I wish you all success in your ventures, and encourage you all to work together to reduce the harm to victims of violence and to ensure they achieve access to justice, and therefore to prevent domestic violence.

Stay Safe.

PPDVP Programme Manager takes up role with White Ribbon, NZ

Cam Ronald has taken up a voluntary role with White Ribbon New Zealand as the chair of the national advisory committee, and their spokesman.  Cam takes this position over from Judge Peter Boshier, who led the PJDP Family Violence activities, and who is now the NZ Chief Ombudsman.

Peter Boshier and Cam Ronald









This link is to the White Ribbon NZ Facebook page.



“An Evidence Based Approach to Achieving Sustainability”

Members of the NZ Ministry of Foreign Affairs and Trade (MFAT) International Development Group (IDG) attended a PPDVP briefing on Phase II, and an outline of the plans for the next phase from 2016 to 2021, on Friday 19th August.

The contract between MFAT IDG and Police was signed off earlier in the week.

The presentation – “An Evidence Based Approach to Achieving Sustainability” – is available for download. PPDVP MFAT IDG 19 August

Cam Ronald and Nga Utanga from the PPDVP Programme Implementation Unit presented the session with MFAT and fielded a great range of questions.

Programme Manager

Cam Ronald has completed his contract as the PPDVP Programme Manager, and is developing the Activity Completion Report for the last five years.

The position of PPDVP Programme Manager is being currently relieved by senior sergeant Emma Fleming of NZ Police until the vacancy is filled.  Emma’s e mail is emma.fleming@police.govt.nz.

The Programme Manager position has been advertised and closed on the 12th August 2016.

Pacific Women identify religion as key driver for change in VAWG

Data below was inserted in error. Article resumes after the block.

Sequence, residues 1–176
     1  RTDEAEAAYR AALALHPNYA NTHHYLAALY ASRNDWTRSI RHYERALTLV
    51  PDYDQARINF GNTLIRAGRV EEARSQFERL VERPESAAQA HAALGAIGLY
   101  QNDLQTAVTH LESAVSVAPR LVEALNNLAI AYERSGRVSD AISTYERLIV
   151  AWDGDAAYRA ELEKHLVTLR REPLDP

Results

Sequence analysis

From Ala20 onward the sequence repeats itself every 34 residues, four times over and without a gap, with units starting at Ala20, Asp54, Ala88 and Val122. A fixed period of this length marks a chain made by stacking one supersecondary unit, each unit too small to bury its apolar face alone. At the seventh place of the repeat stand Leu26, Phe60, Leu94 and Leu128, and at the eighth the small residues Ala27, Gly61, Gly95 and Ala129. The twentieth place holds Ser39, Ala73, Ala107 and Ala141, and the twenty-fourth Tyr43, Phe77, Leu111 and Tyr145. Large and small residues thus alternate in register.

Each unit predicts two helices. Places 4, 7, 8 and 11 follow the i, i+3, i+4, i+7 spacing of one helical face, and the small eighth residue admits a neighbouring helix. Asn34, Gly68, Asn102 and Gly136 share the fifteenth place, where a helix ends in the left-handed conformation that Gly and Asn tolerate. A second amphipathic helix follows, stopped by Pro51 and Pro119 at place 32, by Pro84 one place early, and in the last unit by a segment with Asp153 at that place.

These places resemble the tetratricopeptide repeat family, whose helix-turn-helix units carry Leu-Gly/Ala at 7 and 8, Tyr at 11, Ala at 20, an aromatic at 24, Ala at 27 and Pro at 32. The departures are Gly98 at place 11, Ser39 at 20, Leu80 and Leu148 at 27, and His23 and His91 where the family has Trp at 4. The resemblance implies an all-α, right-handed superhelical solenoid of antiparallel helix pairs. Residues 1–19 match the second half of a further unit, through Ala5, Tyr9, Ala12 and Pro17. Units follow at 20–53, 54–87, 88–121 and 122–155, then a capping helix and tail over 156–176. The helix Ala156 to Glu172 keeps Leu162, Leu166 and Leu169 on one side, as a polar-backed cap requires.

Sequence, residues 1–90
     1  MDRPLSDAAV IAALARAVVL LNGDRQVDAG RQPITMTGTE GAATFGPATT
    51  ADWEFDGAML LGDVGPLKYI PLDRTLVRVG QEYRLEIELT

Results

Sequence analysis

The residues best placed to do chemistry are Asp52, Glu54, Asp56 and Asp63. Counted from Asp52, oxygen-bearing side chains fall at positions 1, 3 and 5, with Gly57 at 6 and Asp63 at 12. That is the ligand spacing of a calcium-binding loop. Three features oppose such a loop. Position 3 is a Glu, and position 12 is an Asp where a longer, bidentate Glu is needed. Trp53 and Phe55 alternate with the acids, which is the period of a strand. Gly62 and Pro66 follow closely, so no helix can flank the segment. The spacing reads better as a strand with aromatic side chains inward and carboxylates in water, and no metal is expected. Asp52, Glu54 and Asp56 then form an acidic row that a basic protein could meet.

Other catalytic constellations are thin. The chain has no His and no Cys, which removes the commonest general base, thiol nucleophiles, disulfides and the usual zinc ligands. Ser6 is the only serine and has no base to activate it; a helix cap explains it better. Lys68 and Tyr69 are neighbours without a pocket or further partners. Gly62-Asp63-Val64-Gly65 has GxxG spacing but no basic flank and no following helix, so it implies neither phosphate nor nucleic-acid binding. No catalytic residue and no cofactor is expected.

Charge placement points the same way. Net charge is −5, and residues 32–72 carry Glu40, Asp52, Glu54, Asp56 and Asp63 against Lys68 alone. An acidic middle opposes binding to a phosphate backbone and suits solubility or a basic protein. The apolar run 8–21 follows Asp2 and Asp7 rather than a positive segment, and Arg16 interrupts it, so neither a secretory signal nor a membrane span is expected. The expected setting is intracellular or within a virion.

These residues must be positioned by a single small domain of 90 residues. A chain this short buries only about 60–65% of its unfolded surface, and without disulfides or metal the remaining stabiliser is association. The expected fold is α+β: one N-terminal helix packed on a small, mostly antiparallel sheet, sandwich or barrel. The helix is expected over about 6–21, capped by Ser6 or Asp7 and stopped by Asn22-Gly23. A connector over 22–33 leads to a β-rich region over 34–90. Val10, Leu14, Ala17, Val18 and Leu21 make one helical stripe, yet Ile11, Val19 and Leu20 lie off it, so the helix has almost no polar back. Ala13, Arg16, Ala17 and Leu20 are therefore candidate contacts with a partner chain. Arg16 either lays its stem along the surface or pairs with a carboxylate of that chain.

Pacific Women’s Network Against Violence Against Women meeting in Fiji has spoken out on VAW, and the role that Churches are playing in speaking out against it.

The media release from Radio NZ is here link 



Vanuatu – farewell to Pop and welcome to Rei

Inspector Peter (Pop) McKennie has finished his five years with PPDVP as the Vanuatu mentor. A farewell was held with the NZ High Commissioner, Deputy Police Commissioner, AFP members and 3P team, and police and community members at Chantillys on Friday the 8th.

Group photos, Deputy Commissioner, Pop, NZ HC, Rei and others

Group photo with Deputy Commissioner, Pop, NZ HC, Rei and others

Senior Sergeant Rei Maresala-Thomson, who has previous experience in Vanuatu with NZ Police programme 3P takes over the role

The Vanuatu media have reported on the work that “Pop” has undertaken and also Rei joining the ongoing work.

Updated – Vacancies – Documents for applicants for PPDVP positions

PPDVP has two advertised vacancies for the Programme Manager and the Programme Officer. Two vacancies for PPDVP Country Mentors are available.

The Programme Manager position is advertised and available for applications from people outside of NZ Police, while the other positions are only available to current NZ Police employees.

Applicants may wish to access current assessments and reports on PPDVP, which are provided in this Post.  The first  three documents relate to the current assessment and design for the third phase of PPDVP.

2016 PPDVP briefing note Phase III

16.04.19 PPDVP Current Status Report-final

16 06 09 PPDVP ADD FINAL – Exec summary – extended

A key strategy for PPDVP is the 2014 Nadi Accord on culture, religion and tradition. This is available at PPDVP Accord on culture and religion final

The UN Women organisation has developed a best practice guide for the response by various agencies to violence against women. PPDVP contributed to these. They will be a key performance indicator for the next phase of PPDVP.  A summary is available at 16.06.01 Annex L – UN Indicators

The full Justice Sector module, including police, is available at module-3-police_and_justice


Samoan Rugby Player speaks out against violence

Motulu was one of our rugby personalities in our work in Samoa in 2009 and Vanuatu in 2014, and he has continued his support, great messaging, great example.

Cherelle Leilani Latafale Fruean's photo.
Cherelle Leilani Latafale Fruean with Kate Davidson and 6 others.